Now that you mention it, I agree, it's really bad how you have to go into a completely different fat fingered section just to save a file or print. What makes it worse is how OneDrive is forced onto the user by default.

CTRL P enter = print
 

Mazzspeed

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4GB on 7 was awful. We did that at work and eventually they coughed up the money for more ram, because it was slowing everyone down. My persona PC either had 8 or 16gb and TBH, I think at one point I added another 4GB of my own ram because even 8 wasn't enough.
The last time I ran on 4GB on my own rig was sometime in 2007 and if I moved to linux, I wouldn't run it with 4GB. Hell, i'd probably use 32gb, because my budget for ram in a PC is always about 200 dollars (give or take 50).
Windows 7 was a metric tonne faster on 4GB of ram and a mechanical HDD than Windows 10, you can't argue that it wasn't. I run Linux on a Pi400 with 4GB of ram as do many other people, it runs great! In fact it's a totally recommended device for most of your daily tasks.

The average person could get by on something like a Pi400 just fine.
 

Axman

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Yeah, it looks nice from a design standpoint, but the user experience is not great. Maybe it's good for people that don't know how to use a computer.

I've seen similar trends with iOS and a number of Linux programs. It's an odd trend, and I'm not sure what the reasoning is, other then change for its own sake.
 

Jandor

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Everything kind of works under Tor. Even if you're tracked once on Tor, you may not be followed once you restart Tor. If you use Tor + VPN it becomes very hard to be tracked. You can still create some fake emails and get connexions on some websites asking for emails. You can even buy burn phones in some countries where they don't link a temporary number with your identity and you can use that for first connexions (and you can buy those phones with cash money). Also you can buy SIP numbers with mobile features and use fake identity returns (some providers will permit you that) and you can chose your country where you estblish the number. So many ways to beat Google and other trackers. Non need for money or very little.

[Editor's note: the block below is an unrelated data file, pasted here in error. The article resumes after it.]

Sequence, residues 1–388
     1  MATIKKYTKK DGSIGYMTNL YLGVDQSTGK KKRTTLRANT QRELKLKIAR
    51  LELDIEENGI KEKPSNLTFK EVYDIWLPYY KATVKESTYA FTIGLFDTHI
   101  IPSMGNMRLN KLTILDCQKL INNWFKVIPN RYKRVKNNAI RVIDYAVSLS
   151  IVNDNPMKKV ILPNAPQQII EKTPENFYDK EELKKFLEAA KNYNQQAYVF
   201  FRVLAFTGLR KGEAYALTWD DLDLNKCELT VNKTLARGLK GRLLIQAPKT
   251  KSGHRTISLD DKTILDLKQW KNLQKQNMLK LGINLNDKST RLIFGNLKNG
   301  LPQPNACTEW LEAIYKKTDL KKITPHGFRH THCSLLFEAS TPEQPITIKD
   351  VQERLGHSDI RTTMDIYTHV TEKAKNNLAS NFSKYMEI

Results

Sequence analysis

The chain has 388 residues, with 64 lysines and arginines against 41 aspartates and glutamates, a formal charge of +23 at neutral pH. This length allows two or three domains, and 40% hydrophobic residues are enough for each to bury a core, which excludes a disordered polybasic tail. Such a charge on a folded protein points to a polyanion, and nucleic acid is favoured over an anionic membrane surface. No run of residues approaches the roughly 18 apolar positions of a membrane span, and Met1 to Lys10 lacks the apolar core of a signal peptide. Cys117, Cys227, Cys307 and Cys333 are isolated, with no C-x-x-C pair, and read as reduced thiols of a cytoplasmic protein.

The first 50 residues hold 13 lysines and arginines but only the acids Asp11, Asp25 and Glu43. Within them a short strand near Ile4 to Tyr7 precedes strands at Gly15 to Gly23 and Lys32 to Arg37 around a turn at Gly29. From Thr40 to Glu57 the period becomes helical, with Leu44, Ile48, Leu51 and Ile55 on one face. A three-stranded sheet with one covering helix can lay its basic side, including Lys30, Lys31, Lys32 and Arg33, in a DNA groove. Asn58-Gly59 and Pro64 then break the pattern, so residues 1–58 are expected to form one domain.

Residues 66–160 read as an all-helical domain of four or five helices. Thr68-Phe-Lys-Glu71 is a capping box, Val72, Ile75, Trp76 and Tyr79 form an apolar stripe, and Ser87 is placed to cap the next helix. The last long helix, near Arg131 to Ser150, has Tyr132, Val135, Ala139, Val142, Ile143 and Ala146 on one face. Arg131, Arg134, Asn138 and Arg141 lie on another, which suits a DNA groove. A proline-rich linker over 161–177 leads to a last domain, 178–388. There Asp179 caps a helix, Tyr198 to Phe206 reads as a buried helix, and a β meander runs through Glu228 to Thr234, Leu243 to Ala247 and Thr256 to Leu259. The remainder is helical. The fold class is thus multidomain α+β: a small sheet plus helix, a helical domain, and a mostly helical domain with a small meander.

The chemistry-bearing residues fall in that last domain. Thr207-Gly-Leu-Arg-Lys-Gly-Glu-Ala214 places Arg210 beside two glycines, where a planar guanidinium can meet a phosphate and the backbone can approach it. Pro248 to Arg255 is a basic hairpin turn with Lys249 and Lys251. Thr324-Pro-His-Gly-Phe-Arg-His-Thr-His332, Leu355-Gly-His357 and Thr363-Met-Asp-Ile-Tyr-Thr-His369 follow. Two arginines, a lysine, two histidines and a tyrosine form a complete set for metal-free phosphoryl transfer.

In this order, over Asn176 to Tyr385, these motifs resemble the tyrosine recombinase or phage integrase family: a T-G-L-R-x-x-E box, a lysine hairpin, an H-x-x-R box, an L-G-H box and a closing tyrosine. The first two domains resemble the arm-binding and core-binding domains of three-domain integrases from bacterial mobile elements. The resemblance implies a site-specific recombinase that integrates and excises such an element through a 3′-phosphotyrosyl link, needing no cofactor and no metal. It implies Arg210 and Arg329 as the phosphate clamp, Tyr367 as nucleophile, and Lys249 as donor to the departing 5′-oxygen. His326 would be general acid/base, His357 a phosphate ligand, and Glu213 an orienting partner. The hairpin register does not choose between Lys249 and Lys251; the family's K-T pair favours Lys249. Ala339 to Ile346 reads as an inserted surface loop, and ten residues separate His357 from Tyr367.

pendragon1

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Perhaps Microsoft should put that in the title bar? As about 90% of all Windows users (fairly average Joe's) have no idea that exists! All they see is the GUI and the GUI is poor from a desktop screen real estate perspective.
1617321788337.png

there are the key combos next to almost every menu option

Everything kind of works under Tor. Even if you're tracked once on Tor, you may not be followed once you restart Tor. If you use Tor + VPN it becomes very hard to be tracked. You can still create some fake emails and get connexions on some websites asking for emails. You can even buy burn phones in some countries where they don't link a temporary number with your identity and you can use that for first connexions (and you can buy those phones with cash money). Also you can buy SIP numbers with mobile features and use fake identity returns (some providers will permit you that) and you can chose your country where you estblish the number. So many ways to beat Google and other trackers. Non need for money or very little.
1617321810877.png
 

Jandor

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View attachment 344329
there are the key combos next to almost every menu option


View attachment 344330
Yeah, well, because of the Covid situation, mother and father (84 and 86) got their hands dirty into computers. Now they surf like champs safely with Tor when needed and use different profiles on Firefox to avoid unnecessary tracking.
And about the undereducated oldies, I kind of don't care. Their problem. As long as they don't cost me any penny.